Q: What are the tactics used by the groups to influence policy? MEC appears to use important connections to influence state policy, does the REP do the same?

    Our primary tactic to influence Republicans is to draw a very clear picture of how a certain vote on an environmental issue is truly conservative and how it will favorably impact future generations and our economy. We don't twist arms or make threats. If we can't win on intellect, then we've already lost. Again, I can't comment on MEC's techniques.

    Q: What are the challenges REP and MEC face in the political arena?

    Our primary challenge at REP is to continue building our grassroots base. Many of our longtime "Roosevelt" Republican members have abandoned the party. So, we have to continue reach out to conservatives and prove to them that environmental protection is conservative and a major requirement for the party to ever regain power. Being able to send REP members who live in a particular lawmaker's district in to see him or her is powerful.

    Q: How have the opinions of REP and MEC changed state policy as they have become more involved?

    I can't say that REP's opinions have influenced state policy much at all. We do have 2 state reps and 1 state senator who are members and many local leaders across the state. So, we hope by influencing the "farm team" we will, in the near future, have a state legislature not populated by in-bred political philosophies. As true conservatives, we think in generational terms. That is, we frame every policy issue with the question, "how is this going to impact our children in twenty five years' time?" It's a rare politician who thinks beyond the next election date.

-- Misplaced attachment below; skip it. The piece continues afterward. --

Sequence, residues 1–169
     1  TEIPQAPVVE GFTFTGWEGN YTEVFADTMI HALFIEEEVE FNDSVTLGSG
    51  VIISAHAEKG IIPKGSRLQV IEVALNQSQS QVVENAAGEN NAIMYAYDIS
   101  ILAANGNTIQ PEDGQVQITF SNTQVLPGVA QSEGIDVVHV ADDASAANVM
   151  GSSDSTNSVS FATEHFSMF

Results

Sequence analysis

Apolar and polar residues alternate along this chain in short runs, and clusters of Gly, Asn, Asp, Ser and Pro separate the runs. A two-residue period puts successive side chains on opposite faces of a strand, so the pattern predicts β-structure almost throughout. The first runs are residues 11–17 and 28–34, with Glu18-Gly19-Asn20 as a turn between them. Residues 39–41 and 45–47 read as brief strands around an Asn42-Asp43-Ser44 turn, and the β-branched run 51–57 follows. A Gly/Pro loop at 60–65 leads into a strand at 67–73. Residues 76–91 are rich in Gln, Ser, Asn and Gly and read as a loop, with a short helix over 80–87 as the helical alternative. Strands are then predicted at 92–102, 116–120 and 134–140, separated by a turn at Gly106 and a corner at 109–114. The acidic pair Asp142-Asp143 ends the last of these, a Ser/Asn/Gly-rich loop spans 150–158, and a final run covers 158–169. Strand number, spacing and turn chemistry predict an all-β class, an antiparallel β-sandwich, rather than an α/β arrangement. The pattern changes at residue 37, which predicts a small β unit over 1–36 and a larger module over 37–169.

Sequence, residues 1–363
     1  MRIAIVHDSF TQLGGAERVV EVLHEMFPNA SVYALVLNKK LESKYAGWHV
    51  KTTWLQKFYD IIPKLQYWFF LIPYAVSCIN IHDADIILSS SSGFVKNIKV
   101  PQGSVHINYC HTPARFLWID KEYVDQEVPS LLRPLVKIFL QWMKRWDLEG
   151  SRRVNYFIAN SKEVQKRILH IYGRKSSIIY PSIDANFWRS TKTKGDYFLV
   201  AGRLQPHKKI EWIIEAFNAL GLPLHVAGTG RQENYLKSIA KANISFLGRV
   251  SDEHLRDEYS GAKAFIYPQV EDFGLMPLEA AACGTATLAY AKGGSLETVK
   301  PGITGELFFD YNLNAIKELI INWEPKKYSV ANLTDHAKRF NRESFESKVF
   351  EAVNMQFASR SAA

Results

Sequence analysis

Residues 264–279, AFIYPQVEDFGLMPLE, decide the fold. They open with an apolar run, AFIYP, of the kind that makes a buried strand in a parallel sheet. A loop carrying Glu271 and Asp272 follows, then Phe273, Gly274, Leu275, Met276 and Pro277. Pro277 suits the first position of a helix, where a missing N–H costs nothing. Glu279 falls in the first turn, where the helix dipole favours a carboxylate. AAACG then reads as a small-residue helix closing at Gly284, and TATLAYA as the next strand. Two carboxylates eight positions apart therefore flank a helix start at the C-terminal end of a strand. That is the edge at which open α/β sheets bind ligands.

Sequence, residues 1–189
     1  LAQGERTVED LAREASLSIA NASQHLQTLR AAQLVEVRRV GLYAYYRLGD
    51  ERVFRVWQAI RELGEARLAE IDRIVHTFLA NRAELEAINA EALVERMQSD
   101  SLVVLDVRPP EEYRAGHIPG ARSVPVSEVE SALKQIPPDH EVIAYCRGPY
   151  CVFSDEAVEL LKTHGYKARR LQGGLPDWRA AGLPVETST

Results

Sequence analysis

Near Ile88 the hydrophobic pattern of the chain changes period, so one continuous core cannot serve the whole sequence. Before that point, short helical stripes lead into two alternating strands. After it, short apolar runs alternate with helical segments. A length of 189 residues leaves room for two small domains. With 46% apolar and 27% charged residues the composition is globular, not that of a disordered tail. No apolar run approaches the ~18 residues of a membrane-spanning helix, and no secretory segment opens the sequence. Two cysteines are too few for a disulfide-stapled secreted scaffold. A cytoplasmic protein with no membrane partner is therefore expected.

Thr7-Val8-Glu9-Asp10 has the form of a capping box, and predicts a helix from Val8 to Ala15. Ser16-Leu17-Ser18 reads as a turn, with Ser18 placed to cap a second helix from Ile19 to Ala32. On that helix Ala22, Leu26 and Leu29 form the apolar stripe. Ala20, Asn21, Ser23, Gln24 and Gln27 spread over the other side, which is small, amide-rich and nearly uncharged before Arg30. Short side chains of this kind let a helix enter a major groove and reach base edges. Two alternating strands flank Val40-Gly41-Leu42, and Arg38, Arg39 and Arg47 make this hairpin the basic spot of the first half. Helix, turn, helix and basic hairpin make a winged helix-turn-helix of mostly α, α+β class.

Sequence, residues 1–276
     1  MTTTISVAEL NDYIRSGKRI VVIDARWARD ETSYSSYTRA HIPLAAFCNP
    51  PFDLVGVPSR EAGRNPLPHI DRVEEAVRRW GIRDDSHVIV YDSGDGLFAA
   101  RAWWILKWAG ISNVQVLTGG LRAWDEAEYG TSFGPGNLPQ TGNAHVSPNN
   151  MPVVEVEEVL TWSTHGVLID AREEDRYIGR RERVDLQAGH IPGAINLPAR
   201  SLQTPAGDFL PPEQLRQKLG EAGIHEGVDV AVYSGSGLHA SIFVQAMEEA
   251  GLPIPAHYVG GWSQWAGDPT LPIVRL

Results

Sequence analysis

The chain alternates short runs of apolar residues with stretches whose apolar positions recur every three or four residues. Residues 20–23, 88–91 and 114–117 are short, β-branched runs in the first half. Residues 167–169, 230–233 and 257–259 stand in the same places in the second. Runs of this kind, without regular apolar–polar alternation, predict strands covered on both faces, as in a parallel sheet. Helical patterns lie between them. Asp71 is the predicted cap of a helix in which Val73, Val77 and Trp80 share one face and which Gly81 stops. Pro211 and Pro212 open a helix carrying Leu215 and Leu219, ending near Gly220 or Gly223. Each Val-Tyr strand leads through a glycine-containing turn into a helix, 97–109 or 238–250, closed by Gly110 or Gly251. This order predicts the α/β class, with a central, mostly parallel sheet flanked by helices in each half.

Q: What are some examples of bipartisanship REP and MEC have supported?

    REP supports good legislation, no matter from which party it emanates. In Michigan, we worked hard to win passage of the RES and Great Lakes Compact. We (REP) worked county-level GOP organizations to build support; counterparts on the other side of the spectrum worked the DEM groups.

    Q: How does REP deal with Republican politicians that have environmental views opposed to REP's? Does REP lobby these politicians or just support those that have similar views?

    We issue a national scorecard to encourage members of Congress to improve their voting records on environmental issues. We contact and meet with Republican legislators and their staffs to share our positions and logic. We don't support Republicans who don't view environmental protection as a top priority, but we'll help them on any given issue and educate them in the hope that they will improve. We believe, fervently, that the party will not again win back a majority until it rediscovers its environmental heritage. We spend a great deal of time educating the current generation of Republican politicians about that heritage. The very first Republican president, Abraham Lincoln, protected Yosemite NP; the next GOP president, US Grant, created Yellowstone NP. Then came Theodore Roosevelt who did more for conservation than every other president combined! Dwight Eisenhower protected the Arctic National Wildlife Refuge...the very place Republicans of today want to dismantle. Richard Nixon created the EPA, ESA, Clean Air Act, etc. and was the greatest president on environmental protection. Ronald Reagan negotiated a global ban on chloroflourocarbons, to protect the earth's protective ozone layer-which was the climate change issue of the time. George H.W. Bush instituted a cap and trade regulation for sulphur dioxide to stop acid rain-and cap and trade is what many Republicans are fighting against today. Republicans have swallowed the example set by Rush Limbaugh, hook, line, and sinker. They need to be exposed to their true heritage and the conservative arguments on why conservation is conservative.